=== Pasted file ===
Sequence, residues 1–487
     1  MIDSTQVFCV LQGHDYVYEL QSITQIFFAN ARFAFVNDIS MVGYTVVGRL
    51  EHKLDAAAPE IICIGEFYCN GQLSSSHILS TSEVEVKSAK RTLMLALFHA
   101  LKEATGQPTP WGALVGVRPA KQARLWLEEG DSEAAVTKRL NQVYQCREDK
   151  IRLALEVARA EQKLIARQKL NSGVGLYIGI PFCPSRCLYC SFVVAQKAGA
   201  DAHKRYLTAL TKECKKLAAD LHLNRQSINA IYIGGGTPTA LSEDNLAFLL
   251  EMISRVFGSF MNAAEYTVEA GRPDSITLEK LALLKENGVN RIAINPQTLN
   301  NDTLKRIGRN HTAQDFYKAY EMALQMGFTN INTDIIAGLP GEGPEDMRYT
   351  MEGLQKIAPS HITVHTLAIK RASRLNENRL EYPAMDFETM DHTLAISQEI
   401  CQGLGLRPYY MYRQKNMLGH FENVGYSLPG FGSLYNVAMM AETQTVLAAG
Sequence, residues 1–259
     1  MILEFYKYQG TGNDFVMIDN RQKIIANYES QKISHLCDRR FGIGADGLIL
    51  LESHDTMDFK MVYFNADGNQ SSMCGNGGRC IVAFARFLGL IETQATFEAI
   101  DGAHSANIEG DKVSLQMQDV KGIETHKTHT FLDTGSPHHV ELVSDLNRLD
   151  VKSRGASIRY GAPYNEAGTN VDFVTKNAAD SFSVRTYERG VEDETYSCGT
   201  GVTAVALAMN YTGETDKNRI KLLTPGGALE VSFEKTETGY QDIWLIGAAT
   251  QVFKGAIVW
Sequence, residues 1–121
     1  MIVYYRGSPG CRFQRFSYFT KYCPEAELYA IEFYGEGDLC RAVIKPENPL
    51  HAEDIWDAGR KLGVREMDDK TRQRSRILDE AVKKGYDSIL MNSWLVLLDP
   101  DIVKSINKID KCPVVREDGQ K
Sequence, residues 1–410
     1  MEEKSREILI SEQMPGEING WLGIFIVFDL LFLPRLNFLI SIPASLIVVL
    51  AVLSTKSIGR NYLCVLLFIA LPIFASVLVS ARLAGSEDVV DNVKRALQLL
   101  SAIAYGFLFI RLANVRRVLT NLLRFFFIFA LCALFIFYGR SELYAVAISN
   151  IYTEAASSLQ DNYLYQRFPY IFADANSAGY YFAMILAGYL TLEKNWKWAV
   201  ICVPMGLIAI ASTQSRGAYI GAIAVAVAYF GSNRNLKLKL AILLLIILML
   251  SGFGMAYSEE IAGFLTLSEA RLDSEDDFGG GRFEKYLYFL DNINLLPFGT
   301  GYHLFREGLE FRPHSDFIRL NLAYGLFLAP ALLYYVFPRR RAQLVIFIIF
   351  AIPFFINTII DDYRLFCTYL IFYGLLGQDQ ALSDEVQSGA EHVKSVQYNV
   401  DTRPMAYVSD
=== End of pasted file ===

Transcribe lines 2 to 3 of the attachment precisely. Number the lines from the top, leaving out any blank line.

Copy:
     1  MIDSTQVFCV LQGHDYVYEL QSITQIFFAN ARFAFVNDIS MVGYTVVGRL
    51  EHKLDAAAPE IICIGEFYCN GQLSSSHILS TSEVEVKSAK RTLMLALFHA